Chicago Tribune from Chicago, Illinois on February 12, 1919 · 2
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Chicago Tribune from Chicago, Illinois · 2

Chicago, Illinois
Issue Date:
Wednesday, February 12, 1919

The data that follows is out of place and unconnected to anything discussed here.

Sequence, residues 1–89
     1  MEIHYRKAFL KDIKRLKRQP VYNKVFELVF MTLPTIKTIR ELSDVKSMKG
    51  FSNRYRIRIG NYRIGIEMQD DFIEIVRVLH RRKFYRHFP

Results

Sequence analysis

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1,, inmst. It is not so easy to dellne ' the causes of it. Some causes are :egltimate, some are not. 1 1 "Let us consider those which are legitimate. In some respects the ecotiomic conditions of the country during the war have been better than any ' during our lifetime. There has been no unemployment during the war. I there are special war conditions vhich have condueed to unrest. - ' Men have been working four and L.: a half years amid the tensest excite- t ment, with all kinds of anxieties, working time and overtime, and four and: I half years of that is sufficient to pro-1 duee a condition of things where men are not in their ordinary frame of : mind. Let us begin by remembering that and making allowances for it. lo ; . , 4- . .. 1 41 A , s 4 ir0 f Fear of Unemployment, " There is genuine fear of unemPloyment. Men have got that fear now. The better educated working lasses become deeper and stronger in their resentment against Social conditions, many of them involving human degradation. They protest against them. Then there is bad housing and everrrowding in many districts that has been aggravated during the war. "Thet0 there is no doubt at all that even restrictions on the people's luxui les and arnusements has had its effect. All these are causes which have contributed to unrest. In so far as there are legitimate causes of unrest, It is the business of the government to do its best to relieve them, so as to give no Justification. so as not to give material for those who are exploiting unrest. Ili flour for 3,000,000. "In trades affecting three millions of .workers, agreements have already boen arrived at with regard to hours of labor, and in trades affecting two millions negotiations are in progress. L'ut there is a good deal to be said for a more general Investigation into the whole course of industrial unrest. The government would be glad to agree upon any method of investigation which would be satisfactory to employ6 and employer and to the community at large. "My right honorable friend, the member for Derby (3. S. Thomas) made a very broad speech on Sunday. He said he did not altogether trust parliament to carry out its pledges of social reform. I cannot Imagine a graver Indictment against any government in any parliament if that were true. Still the government meant to do their best and I am confident that parliament will support them. Bills will be introduced and Introduced soon, and we propose t submit to the house certain regulations for the improvement of the procedure. 1 Ileace Al'ork Satisfactory. I am glad you have not put any ttetalled questions to me about the I ,,,?ace conference. I think the honor- I rl)le gentlemen exercised wise discreIon in that respect. It would be a misfortune if the discussions. before t hey were concluded, were referred to the parliaments of the various countries which are represented at the confcrence. " So far we (the peace conference) have made progress which is equal to And even beyond the most sanguine cpectatIons in approaching agreement upon most of these questions. " I should deprecate very strongly anything in. the nature of separate debates In the parliaments of the various- countries upon questions which .an be best discussed by representatives of thqse countries together. Many l'roblems to Solve. "There is this difference between this conference and all other confer. aces the world has ever seenthe conrence of Frankfort in 1871, the Ber:in conference in 1878, and the Ports?nouth conference. The previous ones practically all dealt with differences of 4ipinion between two countries. Here. this conference, we are settling -1,-Iestions which involve every continent in the world. It Is therefore a klifficult task to adjust all the various 1 Calms which are put forward and hich will have to be most carefully considered. "The whole energy of the delegates of the great powers has been devoted to trying not merely to effect a durable settlement but to effect it at the earliest possible moment, because we all realize that not only is peace important. but a speedy peace. and until we stablhdi peace among the nations there will always be a feeling of unr tit throughout the world. and Industry will not settle down to its normal task. Work to nit War Blame. "Only two questions have been asked about the peAlitl conference. One s as about the punishment of those responsible for the war and the other about milking Germany pay. As to toe first. an able commission has been appointed representing all the great Towers to consider the responsibility hot only of an individual. but of a reat many individuals, and not merely responsibility for the war, but rei,ponsibility for violation of the laws of war. " We hope to get their report upon the whole question with regard to the lademnity which is to be exacted from tee enemy countries. which also has 11 SPECIAL 1 SALE I 1 1 SPECIAL SALE LAST FOUR DAYS All $40 to $65 Suits and Coats Tailored to Your Measure $30 to $ 5 Your choice of Tricotines, Gabardines, Serges, Broadcloths, Silver-tones and many other novelties. Perfect Fit Satisfaction Assured 0 The full scope of. Japan's imperialistic ambitions is being brought to light in Paris as a result of requests made by China's representatives at the peace congress or protection against the pressure from Tokio for the granting of new concessions. Safe from the intrigue of Peking, where the Japanese influence extends into every department of the government, the Chinese peace envoys have taken a determined stand for their country's independence. They - have asked the pëace congress to revoke the twenty-onedemands made by Japan upon China in 1915 and that the republic be removed definitely front Japan's influence. This complete independence is asked under the protection of the league of nations. been referred to a singularly able commoission. " Upon the commission the 13ritish empire is represented by the prime minister of Australia, by Lord Cunliffe, and Lord Sumtner; They have been sitting every day. I saw Mr. Hughes (the prime minister of Australia) just before I left. He told me they had appointed three subcommittees to investigate different branches of the question. Commons All-Powerful. "A third qtestion was asked, whether the treaty of peace will be placed on the table of the house before ratification. I believe that is the ordinary course, of course, subject to the ratification of the treaty. Representatives of this country will follow the same course as representatives of every other country, and sign the treaty at the peace conference. The treaty will undoubtedly be laid upon the table of the house for ratification. If the house of commons chooses to repudiate the treaty. the house of commons is all-powerful. "With regard to reform of the present procedure of the house I am certain that our present method of having 600 men scrutinizing every line end every word. of a measure for weeks in the presence of the press is a fatal method of transacting business. I am perfectly certain that Magna Charta would never have been carried if all the barons had adopted the procedure of the house of commons. Deals with Unemployment. "Now I come to the question of unemployment. I do not believe there is any fear of unemployment if we had rationing, but if there is any attempt to reproduce the conditions which we have witnessed in Russia where there Is a deficiency of profitable employment and of food, that would indeed be fatal to employment in this country. " The burden of war bears heavily upon all classes and upon all industries and that has got to be borne in mind when you are trying to start the wheels of industry again in this country. " I wish it were borne in mind when demands are put forward by certain sections of the community that there IS plenty of material for employment if all classes act with restraint and wisely. There is no danger of unemployment if certain essential condiItions are adhered to. First of all is that confidence must be given to those who are responsible for starting the wheels of industry. " It is with difficulty that we can get a moveint. There is a great hang LIthill1111111111111111111111;511111111111111111111131141:111111111111111111111111111111111111111 :71-1 - , - - Ob Maurice JAPAil'S ELIPERIALISTIC 111131TIONS According to reports front , Paris, Japan has a well defined program of expansion- that will- make it predominant in the Pacific. In addition to insisting that Japan be made the residuary legatee of Germany in China and Oceania, Tokio is said to have brought the heaviest pressure possible on Peking that "'China's delegates" to the peace congress be muzzled and kept from disclosing the extent of Japan's ambitions in China. According to reports from Paris, Japan is trying to force from China even more drastic concessions than were embraced in the famous twenty-one demands. Although making a show of returning the German concession of Kiao-Chau to China, Tokio, it noW develops, scants China to grant ing back, because the men do not know what is going to happen if an enterprise which they start is going to be interrupted by some social upheaval. They would rather not start it. They know perfectly well that if they begin and something happens, to be caught half way would be ruin. " Confidence is, therefore, essential for the setting of the wheels of industry and commerce going. Disturbances, create unemployment, aggravate unemployment, perpetuate unemployment. "11.-pat is the second possible cause of unemployment if the cost of production in this country becomes so high that it either reduces the purchasing capacity of the community at home or puts us out of the markets of the world? Both would happen if the cost of production was as high. That means disastrous unemployment. This is why one individual trade cannot be considered without reference to the rest. One Might Wreck AIL " At the present moment the great increase in the cost of some essential ingredient like coal or transportation might easily destroy our chance of restoring our exports. I believe we exported before the war something like $5.000,000,000 of goods of all sorts, which was gigantic trade. It used to be put that half of that was wages. " Most of that business was conducted on a narrow margin. It was not a big margain. A little change this way or that would give the trade to some one else. Four shillings alone on coal, a shilling added for some other, ingredient, whether it is shipping, transport, or in some other way, may deprive us of hundreds, of millions of trade in all parts of the world. "What does that mean? It means throwing hundreds of thousands of men out of work. I will not say it might not run to 'millions. Would the miners gain by that in the end? There is no better illustration than the railways. At the beginning of the war the railways of this country were making a profit of millions that produced under 4 per cent. Losses of the Railways. "What has happened since the war? Owing to increases on one thing and m MARTHA WASHINGTON'S I FAVORITE PORTRAIT OF I GEORGE WASHINGTON laFREEWith Next Sunday's Tribunals The Chicago hoine of Manhattan and Star good shirts Last clean-up of $2.50, $3 and $3.50 union suits at $1.95 THESE union suits are just what you want for the spring and early summer; medium weight; not too warm; just comfortable We're clearing out the broken lines; there's plenty of sizes and if you find what you want you'll get a genuine bargain; body fitting mercerized union suits, $2.50, $3, $3.50 values, all at $193 L Rothschild - 1 z----, 4- V -11. 6.4 MLA- JLA..- 1i 11-1. NJ L-1.1- 0 .0111.1k1 . Congress Ladies' Tailors 11-- -4.- , -17 Money . ' I 1202 North American Bldg. :----.--; cheerfully S. W. corner Jackson and State MinnChealpcoars 57----:41.1 1 o F2-- refunded St. raul t-. State and Monroe : I ... ! :-'i ''''-114 I N. W. Co t----- , - --- al, Phone Central 978 LI l . , L:10:111111:III!!!111111111:111111E111:1111M1121:M1;111:1111I:11101" mniallio.,ZAitLu" "Itri1L'It F, , 1 1 E--- 1 E 1 E a --- E--- ----,- E--- -- E- --- Z --- ---; E---- LL- 4. I ; - t I Shantung peninsula to Japan and recognize Japan as successor to Germany's rights, concessions, and properties in the Shantung district. This grant would give Japan complete control of China's iron ore deposits, of which she already holds two-fifths. Now that Tokio's program, has been brought into the limelight at Paris, the Japanese envoys hove come out into the open by reiterating the intention of Tokio to hold the Marshall and Caroline islands and to protect her interests on the mainland of China.- Viscount Chinda, Japanese ambassador to Great Britain, later denied that his country had any secret treaties with China or was attempting to coerce Peking to grant further concessions. another, wages. curtailment of hours of labor, increased cost of material, these have added 90,000,000 pounds to the cost of running the railways. " Where is the fund of profit drawn upon? There it is all gone. Who is to make it up? The first class passenger would not produce much if you doubled or trebled his fare. You have to get it from the consumer in some way or otheryour .passenger. , your goods, your foods; that is only way to dolt. " I walt every section of the community when it puts forward demands to bear these essential facts in mind: That all these demands are passed on to some one else and that there is a stage where if you could pass them on they will crowd on top of some poor industry that can hardly march now. That means unemployment for some one. Short Hours vs. Employment. " There is a feeling that one way of providing employment is by reducing the hours of labor so that there be enough work to go round at the same wages. Reduce the hours of labor to what is fair, profitable, and possible, but to reduce the hours of labor merely in order to create employment, paying exactly the same wage, Is one way to make unemployment in the whole country. Cheers and cries.' of " Boo " from Labor benches. "I should have tought that this stood to reason. It is so elementary.. It increases the cost of a particular commodity and that commodity is an Ingredient in something else. If you put up the price you diminish the purchasing capacity, And if you diminish the purchasing capacity you diminish employment, and not only that, you destroy the overseas trade upon which this' country depends more than any other country in the world. Cites Russian Example. "I despair. if the working classes of the country do not recognize that elementary and fundamental principle, but I am sure they do. If in the end you increase the cost of everything. you will only do what has happened in , rE J, r u TODAY Special Anniversary Dinner 64htli 7Toor Stevens' Da i1din6 17 tArorilt S1a1e S'1reet - Russia. where workmen seem to bel, getting sumptuous wages. They run up to the most splendid figures. What Is the godd of these puffed wages,I which are paper as far as the working classes are concerned? They are being cheated at every step, and they are beginning to discover it. " There are legitimate ways by which the governmentcan 'assist em bons attemptwhich has been made for in celebration of LINCOLN'S BIRTHDAY Come with your Family and Friends to A SPECIAL DE LUXE LUNCHEON will be Served from 11 A. M. to 3 P. M., at SCIc per Cover. One of Our Justly Celebrated Holiday Dinners Will Be Served at One Dollar Per Cover From 5 P. M. to 8:30 P. M. DINNER MENU CHOICE OF Grape Fruit Cocktail Fresh Fruit Cocktail Fresh Shrimp Cocktail Select Oyster Cocktail Sardine CanapeHot or Cold Goose Liver Patty CHOICE OF Cream of Fresh Tomato aux Croutons Consomme, Princess Queen Olives, Sweet Gherkins, California Ripe Olives CHOICE OF Broiled Lake Superior 'A. hitefish, Hotellere Fried Filet of Sole, Sauce Remonlade Stevens' Special Vegetarian Dinner Chicken a la King en Ramekin Sirloin Steak a la Minute Cabaret Grilled Calfs Sweetbreads with Asparagus Tips a Broiled French Lamb Chops with Bdcon Filet of Beef, Larded, Parisienna Omelette aux Clampignon Prime Ribs of Beef au Jus Fried Milk Fed Chicken, Corn Fritters, Cream Gravy Roast Young Turkey, Farcie, Cranberry Sauce Tomato Stuffed with Chicken Salad, Mayonnaise Assorted Cold Meats, Potato Salad Mashed or Brown Potatoes Early June Peas and Carrots in Cream Hearts of Lettuce, 1060 Island Dressing CHOICE OF Fresh Apple or Lemon Meringue Pie Stewed Apples Stewed Figs Chocolate Pudding, Custard Sauce Sliced Pineapple Stevens' Special Parfait Half Grapefruit. Maraschino F Egg Nog asked Apple with Cream Vanilla, Strawberry. Chocolate Ice Cream Cottage Cheese with Bar-le-Duc Swiss or American Cheese and Crackers Coffee, Tea, Milk, Buttermilk, Cocoa or Sweet Cider During luncheon and dinner an appropriate patriotic musical program will be provided by the famous Stevens Orchestra. The Stevens Buildhig Restaurant The Finest Restaurant of Its Kind in the World Or2rereararerclannraarEardr ployment. Take the housing problem I PARIS, Feb. 41.---By the Associated I - My right-honorable friend,-Mr. -Adam- 'Press.1--France's-civi1lan population-in - -- - - - - son, ventured to say that no single four years has decreased by over 750,- 1 :- step had. been taken. He is quite 000, without including the deaths in oc- misinformed. As a matter-of fact,- the cupied northern-France, nor.the losses - - - - - - - -- - - -- minister of supplies has already ;due direttly to the war. taken the most gigantic steps to pre- 1 Official figures show that in 1913 the Read Resolutions and Are pare for the housing program. They births outnumbered the deaths by 17,- have ordered material On a consider- 000. But tins slight excess disappeared - able scale which will provide employ. I in the following year, since which time 'Advised How to , ' ment, bricks and windows, doors, and the deaths have outnumbered thel , :, - -, all the material which is essential for ,birthsin 19.14 by more than 50,000.1 the building of houses. That is one i and 1n-1915, 1916, and 1917 by nearly i , ...Prow( method. '300,000 in each year. The total excess I , , ... Plans Made by Government. I of deaths over births. for these four " There Is the development of. the ears ways and communications of this I Births, which numbered approximate- ' 3 iven as 883,160. - is g ly 600,000 In 1918, dropped to 315,000 in i country which will open up the re- I 1916 and , 343,000 in .1917, while the 1 sources of the country. . That provides I legitimate employmnt and enriches 'deaths IncreaSed, but not In comparable the country at the same time. There I e proportions; so that the total decrease n- i are projects like reforestation and the pop-ulatio was due tothe -gre-at settlement on- la,nd which will provide In diminution -In births, and not to - any I great increase in deaths. - I the healthiest means- of employment any state can find for its people. "But there are Illegitimate causes I The statistics cover seventy-seven de- partments, excluding eleveninvaded de- partments. . - . , , 1 of the present unrest: -There is a sedu-- years to undermine the confidence in 1 trade union leaders. It has produced unfair bargain with the community undiscipline, which has made collect- (i-nbor member: ' What about Carson lye bargaining almost impossible, and , and the lord chancellor?, we are bound I cannot conceive anything more fatal to fight with the whole weight of the to the industrial life of this country nation, or we cease to be a government. thanthat "The first thing we have to do is UP . "A trade union leader acquires in get peace. These disturbances are in- the course of years, like anyone else, 1 ierfe-ring with the making of peàce.. j knowledge and experience in course of Every morning before I went to the -E his business. Knowledge and expert- peace conference I had messages from tence 'give responsibility. The moment London about a strike here and when I 1 - 2 Al they exercise that responsibility they returned In the evening, of another I are attacked, their influence is under. strike, and,trade union leaders thruwn imined, distrust and suspicion are sown ab9ut them, and the result is chaos ! where there ought to be confidence, ! and so It is almost impossible to do business In some trades. " Why is this done? It is done undoubtedly, by some, for the-very reason that lawlessness is the only thing that can follow, and that is what they are ! after. Lawlessness is their aim. Lawlessness is their purpose. Some of I these men are seeking' to destroy not merely trade unionism but the state. " There are several aades upon the continuous work of which the success in war was dependent. If they had sus- pended their activities for a month, it mightI won't say have , produced disaster -or defeatbut would have seriously impaired our chances of success. ' Leaders of these trades knew that. . " They behaved with patriotic re- straint, which does them honor, but now that the war is over tlie sense of power remains with those trades,1 but the peril which created the re-: straint is for the moment gone, and there are men in those trades who are ! undoubtedly urging their leaders to use the power which they have to hold up' the community. . Will Scan All Claims. " Every attempt whit ch is put forward by any body of workmen. the ! government are bound to examine i 1 and they will examine carefully I 1 with a view to removing any le- 1 gitimate grievance and to redressing Iany unfairness or any inequality, but every demand which is pressed for I ward with a view not to obtaining fair 1 conditions, but with the ulterior motive to hold up the community. to ! I overthrow the existing order -and to destroy the government, relying not 1 upon the justice of the claim, but upon brute force which is behind itthen. - I say, on behalf of the government in all solemnity, we are determined to I fight Prussianism in the industrial ; world exactly' as we fought it on the 1 continent of Europe with the whole I might of the nation." Labor member: " Can you fight it in England?" - - Fight Force With Force, Continuing after the interruRtion Lloyd George.said: "Anybody who uses foice to drive an elje TI)imgc, ZriBunt. 10RLDS ORFAMT NIIMPM Vol. LXXV. Wednesday. Feb.12. No. 37. Published daily at No. 7 South Dearborn Street. Chicago. Illinois Mail Subsseription PriceDaily with Sunday for one year-310.00. Entered as Second Class Matter. June 3. 190M. at the Pootofflee at Chicago. Ihnois. under &et of March 3. 1879. CA; C tereacc 6Res1aurant 221212RfaR12.171 r-t N;7.1 11 6-11 L.; ra :a Ey 24 r-, F; I II 'a I ' POPULATION OF 1 SUFFRAGISTS I N Harry MitChed rn A Tyr cunwe r Igh 1 i I r 11 nrn Editorial FRANCE SHOWS PARIS PLEASED GREAT DECREASE 1 Feb 41By the Associatedi ATVILSON illS IT over and bargains repudiated, and I don't mind saying I think it would be to the advantage of the peace conference if I had been able to remain there a few days." Ring Urges Reforms. King George. in opening the new parliament, after alluding brieVy to events since the dissolution of the last parliament just after the armistice, urged quick and decisive action on reconstruction measures and asked parliament " to stare no effort in healing the causes of the existing unrest?! The king said a government bill would be presented simplifying the procedure in .the house of commons to expedite what the government considers imperative measures. Among the measures, he said, were better housing. the formation of a department of health, the fulfillment of pledges to labor that unfair competition would be prevented, and the betterment of the agricultural situation through improved transportation. The king also urged constitutional reform for India; " durable settlement" of the Irish question, and continuation of the present amicable illations between Great Britain and the United States. OCEAN STEAMSHIP MOVEMENTS. Arr lye& CARMANIA BEROENSFJORD METAPAN DUCA DEMI ABRUZZI. LEVIATHAN CASERTA R OTT I Sailed. GREAT NORTHERN . CELTIC UNITED STATES ..... HUNAJIRI MARIT d. Port. NIA New York NSFJORD New York AN New York 3EGLI ABRUZZI . New York 71-IAN .New York rA Senoa 3an Francisco Port. NORTHERN New York New York ) STATES "hristianta RI M A RU Baltimore - - Li e,.m.m.E..n, , Trooèed. BY CONSTANCE DREXEL. i Chicago Tribune Foreign-News 6ervIce-1 By Special Cable-I lConrtight: ,1919: Bythe Tribune Company. PARIS, Feb.'. 11.--" We - WOUld like some part in the peace conference," is i the general' tenor of the conference beginning on allied women at the Lyceum club, 8 Rue PenthieVe. Ways and means were discussed until a set of resolutions was adopted which was p6resented to President 6 Wilson S: Monday evening, when he received the -women by appointment at his resi- , , dence. The women representing AmeFica Inlued Mrs. J. Borden Harriman, Mrs.. Juliette Barrett Rublee, and Dr.; -,Katherine Bement Davis. Read by British Leader: The resolutions were read to the president by Mrs. Henry Fawcett, the British suffragist and president of the United -Societies of Woman Suffrage of Great Britain. Other British delegates include Mrs. Oliver Strachey:- Miss Rosiamond Smith, Miss Nina: Boyle of South Africa, and Miss Atkinson of New Zealand. The French delegation included the president and officers of the Union ! Française pour le Suffrage des Femmes. The Belgian women included Mme. Brigode, president of the Bel-; gian Federation for Suffrage, and I Marie Parent, president of the Belgian National Council of Women and League for Rights of Women. Advised to Change Plan. President Wilson listened attentively to Mrs. Fawcett's reading and then. asked the women to sit :down and talk.' things over. which they did. the audi- 1 ence lasting more than a half -hour. The president made no set reply, but ! suggested that instead of following the ! procedure of the resolution.. which was: to have the women appointed by the- federated societies of the various countries, time be saved. He suggested that the conference of women meeting in t Paris name a small committee of representative women to act with the peace ctE4egates. r Semi,Animal Furniture Sale Delicious food. prepared by Morrison Hotel chefs. served at tables. Try breakfast today. - He further suggested that a corn-mission of peace delegates be appointed by the peace plenipotentiaries themselvesthis commission to look after the interests of the women. His third main suggestion was that he would do 1 all he could, but that the women themselves should do the missionary work among the other plenipotentiaries. The women left feeling that they had 1 found a friendly spirit to aid them in " pressing their needs and opinions. ,- : Whether you are furnishing a new home or living in a one room apartment, and in need of just an odd piece of Furniture, it will pay you to visit our store and inspect the unusual values we are offering during this Sale. We invite you to look around here and we will make - it a ple4sure for you. c4 II --V; 14.41- t- -,e-winsmazwimster- $14.50 QUAINT WINDSOR CHAIR OR ROCKERExcellent mahogany finish. A very comfortable Chair. 9.75 Sale Price MOO END TABLEBrown mahogany finish. Can be used at end of davenport, side of chair or as a wall table. 8.00 Sale Price 18.50 CHAIR OR ROCKERCharming old colonial design. 12.50 Can be used in any room. Very comfortable. Sale Price, 37.50 CHAIR OR ROCKERStick ley Furniture, known as "among the best." Buy now atid save V3. High back, spring seat d14.50 and soft pillow back. Mahogany finish. Just 20 to sell at Li 25.00 LIBRARY TABLETudor style, mahoganY. finish. 1 6." 48 in. long. Has spacious drawer. Sale Price 10 CANE DAVENPORTS and some overstuffed to close out at about present wholesale prices. Most of them have chairs to match. DavenportsYour choice of lot, 8930 Chairs and Rockers to match, 42-50 12.50 DROP LEAF TABLEBrown mahogany finish , 30300 inches when open. Very useful as wall table, tea or card table. Sale Price 9-25 I ithadsln RugsFurnitureCarpettDraperiesLinoteums 125 South Wabash Avenue abut North of Adams Street Ob troir 1 Ur; - 4011001"......4 4-re3w,544 ' Proves His Case i; , . I - , When I announced that I would be the first tailor in Chicago to show the NEW SPRING FABRICS pected to have a big crowd-- and when I began the sale THIS MORNING the men were there.Theywere men who know by experience that can and do produce regular - $60 to $70 tailored suits, made to order for only $35and that I also give an EXTRA PAIR OF PANTS with every suit FREE. - It's one thing to make a claim like that and it's quite a different thing to prove it. I cordially invite you to tny store-16 to 18 East Jackson Blvd. right nowso that you can satisfy yourself That if I male your spring suitl-OU'LL SAVE FROM S'..5 to $35 Or 1 the garment. it want you to: - se the large variety of '; BEAUTIFUL NEW SPRING FABRICS, the very goods which you'll see later on in Chicago at $OO to $740 foril made to order suit. They include heavy, medium and i light weights, suitable for irn-s! mediate or spring wearfor Sunday or business suitsand I will make your suit to your order for ONLY $35.and give you an EXTRA PAIR ' of PANTS FREE If you place your order now you'll avoid the rush and you'll have a better opportunity for selection. I'll deliver the garments now or I'll hold for de- livery later on at any time you state. I guarantee everything to be just as you want it to be so colltie in to see mesave this $25 to :',,t35 -on yotg suit and get an extra pair of pants FREE Harry Mitchell 16-18 East Jackson Blvd. Between State -and Wabash 1,500 combinationi fashions a.nd fabrics for your selection. - Locationat Vho1esal Plant: 731 S. Wells Stree: At the Corner of Polk Street One Block from I farrison St. Depot 404, fly,'! 1111110:11A41111 "OICEIT. A the new - VW TT uBT!! 711Tr!! FORM.-TIT C OVEA atm. trmtavr-a co. bc. 7.4 ,1 1 1; 1 r . 0 I ------"-0---ICE-- tr. : Me new , I i -. 1E1 ard' ST - A, . fal I I a 4 , -,,. . 4 , ,t . b IL, , ..,4, -..----,4,44p.-arp. ., ',-... a. ',Aga,- , . ,,,,,,,,,,ar tag..,,., FOrthirrr ?ugsFurnitureCarpetsDraperiesLinoteums 125 South Wabash Avenue Cato-.111' shut North of Adonis Strtot clAIETT, PEABODI Is CO. litc lit'k . . . . I uitt They ! nedi-um and able for im-, g wearfor is suitsand suit to your $35and ZTRA PAM LI- order now !sh and you'll ortunity for vet the gar-hold for de- tny time you e everything vant it to be ee mesave n yolg suit ,air of pants itchell kson Blvd. ad Wabash TODAY $14.50 QU Special Anniversáry Dinner hogany fi in celebration of Sale Pric N LINCOLN'S BIRTHDAY MOO ENI of daveni Come with 61; your Family and Friends to Sale Pric rt.1 . 18.50 CHA Can be u! 1---F----n . -1- Build 11 Stereacc , 51 I .0 , iok, U Weslaurant ;0.,,x! eight1.9700r . Stevens'Buildin6 i u o , 17 tArorilt S'Iale cS'1reet --1 u A SPECIAL DE LUXE LUNCHEON 37.50 CH Z 17 will be Served from 11 A. M. to 3 P. M., at SCIc per Cover. the best." and soft 1 One of Our Justly Celebrated Holiday Dinners 25.00 LIB U 48 in. ti Will Be Served at One Dollar Per Cover loni 2 From 5 P. M. to 8:30 P. M. N 1 DINNER MENU CHOICE OF U Crape Fruit Cocktail Fresh Fruit Cocktail Fresh Shrimp Cocktail 1 , 1-: Select Oyster Cocktail Sardine CanapeHot or Cold c:i ' Goose Liver Patty rt . CHOICE OF Cream of Fresh Tomato aux Croutons Consomme, Princess -,i ,,..'s aU Queen Olives, Sweet Gherkins, California Ripe Olives CHOICE OF Broiled Lake Superior 'A. hitefish, Hotellere Fried Filet of Sole, Sauce Remonlade 13 I Stevens' Special Vegetarian Dinner Chicken a la King en Ramekin Sirloin Steak a la Minute Cabaret -, na 10 CANE Grilled Calrs Sweetbreads with Asparagus Tips present m a Broiled French Lamb Chops with lidcon i Filet of Beef, Larded, Parisienna Omelette aux Champignon Prime Ribs of Beef au Jus t-1"1-1- Z2 Fried Milk Fed Chicken, Corn Fritters, Cream Gravy '---- q Roast Young Turkey, Farcie, Cranberry Sauce Tomato Stuffed with Chicken Salad, Mayonnaise rti Assorted Cold Meats, Potato Salad -, Mashed or Brown Potatoes rI 12.50 DR( ;a Early June Peas and Carrots in Cream when op( Hearts of Lettuce, 1060 Island Dressing CHOICE OF tew Stewed Apples ru: Sale Pric Fresh Apple or Lemon Meringue Pie Chocolate Pudding, Custtevardene Special rh7i9 Sliced Pineapple s slid Paris: ttd Figs s.- tron.1 asked Half wGraPeCfruaimMaraschino an t. MVaschilil, nao F Egg Nag Apple Strawberry, Chocolate Ice Cream Cottage Cheese with Bar-le-Duc Swiss or American Cheese and Crackers 1,:, 1 ,16 I Coffee, Tea, Milk, Buttermilk, Cocoa or Sweet Cider 7 During luncheon and dinner on appropriate patriotic musical program i-7u-.: 1 . I will be provided by the famous Stevens Orchestra. - ' li r- -: I 11V 11 nI i $14.50 QUAINT WINDSOR CHAIR OR ROCKERExcellent ma- At the Corner of Polk Stren hogany finish. A very comfortable Chair. 9.75 One Block from I farrison St. DePot , Sale Price MOO END TABLEBrown mahogany finish. Can be used at end of davenport, side of chair or as a wall table. 8.00 iv . 4.),. , sk,if.1 - -1-v-, -, Sale Price - - ':47 I c.,1t,,5,, 18.50 CHAIR OR ROCKERCharming old colonial design. 12-50 u Can be sed in any room. Very comfortable. Sale Price, , ; . .0 1-.-F---'-i,-,, I'vr sr,,., ,,,-,1411,1,,,e, . - - il,121,--;.1 14 . ! Z -.. -,-- - - - .. i';:,,' --, iV,--: ife:---::. '111111111111111.1.11.111111.11.11111r- r!..1,t ,r , , 1,--:---v-i-ei-.7:-; 0, -- -------r------ 0 .., 1 , , ., . 1093 ,., 4,si,, 1 ,. .. ,,,.,,,,, ..,,,, . ,,,,,10, , , ,,,,,,,,,,,,,,, e i 1 I - Co 1 , 1 .1,zu..oL,ma..44,00.01110.1 - 11111.11111 p h,1,, irOEM Mo I , , A Good Breaklas; - - -- . i a 37.50 CHAIR OR ROCKERStickley Furniture, known as "among - at 15 to 40 Cents the best." Buy now alid save V3. High back, spring seat 1,4.50 - , o and soft pillow back. Mahogany finish.. Just 20 to sell at Li Delicious food, ,N , I - 25.00 LIBRARY TABLETudor style, mahogany finish. . 16 5 - prepared by Mor- . 48 in. long. Has spacious drawer. Sale Price - rison Hotel chefs, . ,-- served at tables. 1 Are-fc7 11111171 T ------- l daryy breaklat to- . p -, 1 ';-'c(- - V a 0 .' :- II k .,.''-'',- )-( 4 I LE.61 - mpg, II 1 - , ,, us. .re 44 t - ,Ill" V. -4, -'s , r... 23' Eil tranrougceh T ..1c3...vicqA.1. -7, , al r ';---:-: ''- ' - ..,, ..,-, . 4, i - 'V x r ,, PI , - Li --------- t ....Ma -'''r--Z' So. I"' Si,-'....1.7- ;... ' MORRISON HOTEL I I !,, i ,,N, , ,s., - :: ...;,,, I I ',I " ' , 3 r b Am.,.1 f ' t ) "..L, 1 . w - - V . t Clark I i ' rilliii..........n....... ilk - r:-- L - - . - , i E if, ,,.., ,, ,-:,- r n -; ii.::-F....----: :,-ii-si-p- ---.------F--.---:---r.--,- - ---''.., .:Lii-ai----.1.,,,,...,:tif,---:. , r Jr 1 u,,.7.,,---,...-N 1 - '---7--( ,":"z---.ZTE:t-:-Iiii---.1 t m cb-A30ff-L-------,::: ,-- 1 41-rz..:4-;i::0141Ellmrose 1-1 s- -,: ---7 -- 4; -,.- , --,- LL::' ils-1.--:-a-,-'1.:,4-:74:6,E,I, ' Je.:t:, --.7:-:.,--;-zaiLlit:33) (.. 1111:- Semiannual furnitureiSale c:1:-T-.- 1-r-I - :t- 1 " ev. ' á 40 I g 1 i . 1 4 to 'lir 4 itakillAma.,..ftaamom.fta.o..aawm. t 4. V i NVhether you are furnishing a new home or . "SA , . i I t, 0 I 4 living in a one room apartment, and in need of just ; an odd piece of Furniture, it will pay you to visit our store - i - and inspect the unusual values we are offering during this t 1 Sale. We invite you to look around here and we will make , it a ple4sure for you. '., ad- ,---7, I ci7,- 1 'Xi 11 1-42-.5f ,, 1, , iir--, -' - - r ... .., Tf . ' , t 11 ' 41'-15--- . . ammo ,, - P .77---1: lift"' "" .'" --sit' . - 111111 i Ilitti1 ' , 1 : , 14, I . 14 t, I . LI " ii h . . -IF 11,--- ir i diAtili a 3 t ----,- Jai non ip your eTntmidobnfabrics t i n 4 for I 1 Locationat Whoiesal: W-P. ' )1 4...J;-,,iti.-4---- I .e.--,......., ,ItHav , e: ,-- - winvo C , Plant: 731 S. Wells Stre ,121212PJ-212121N I I I 133 LTA tc tadmnp- - at about tch. rv ire wilt tr,;:l ' ; 1 I ; I I 50 inches e- 9.25 (1111 ' 111 tr-tJli P ;'I 11 LI!! it : I JAPIIii'S ErtIPERIALISTIC 1111311 - Z ' 7.b r --0-.7 - 8 - - z , , - 77-cf,7s- - s.f S . 1 E i 4., I ' I -X ,TOMSK -4 - . , - ' - 1 tt;- I IZRUTSK e4,. ' 1101.1 -7 ,v , , ,, , V Z 7 . - . L l - N , .-- ."1 7 mANCH, RIA ' . P ''' 4 "al ,'' ' Zr - .11 ' A,, '- : - ,z ,,Zz N V.64 Pri-ING (3 '-gaiSb.. ,t; 04' ;P Ax ' - --...,..-,,,.......4....74,,i1..,;1011. 1,, c ) .-Zerr1 0 (ACK H A (A.", : -, , IsliZCK7NG ." fimmA- 614,60141: - 7 . Yaoy e f 5 -7P4 --,-Zi. z - ........... --. y , 2 ,, ,,, INDIA ' ' 2 CANTON 1100,z ' ,. o w' ,, lb H KI,140,t,' - z - ''--44!thiNj C- ' - -- ) ' -.. :- -, '- ' ' r -; , - i) -41 ;bri44. PP el '- , ' - P et( ' A'1. ' . ; r' Z , ; P '-:.-7. 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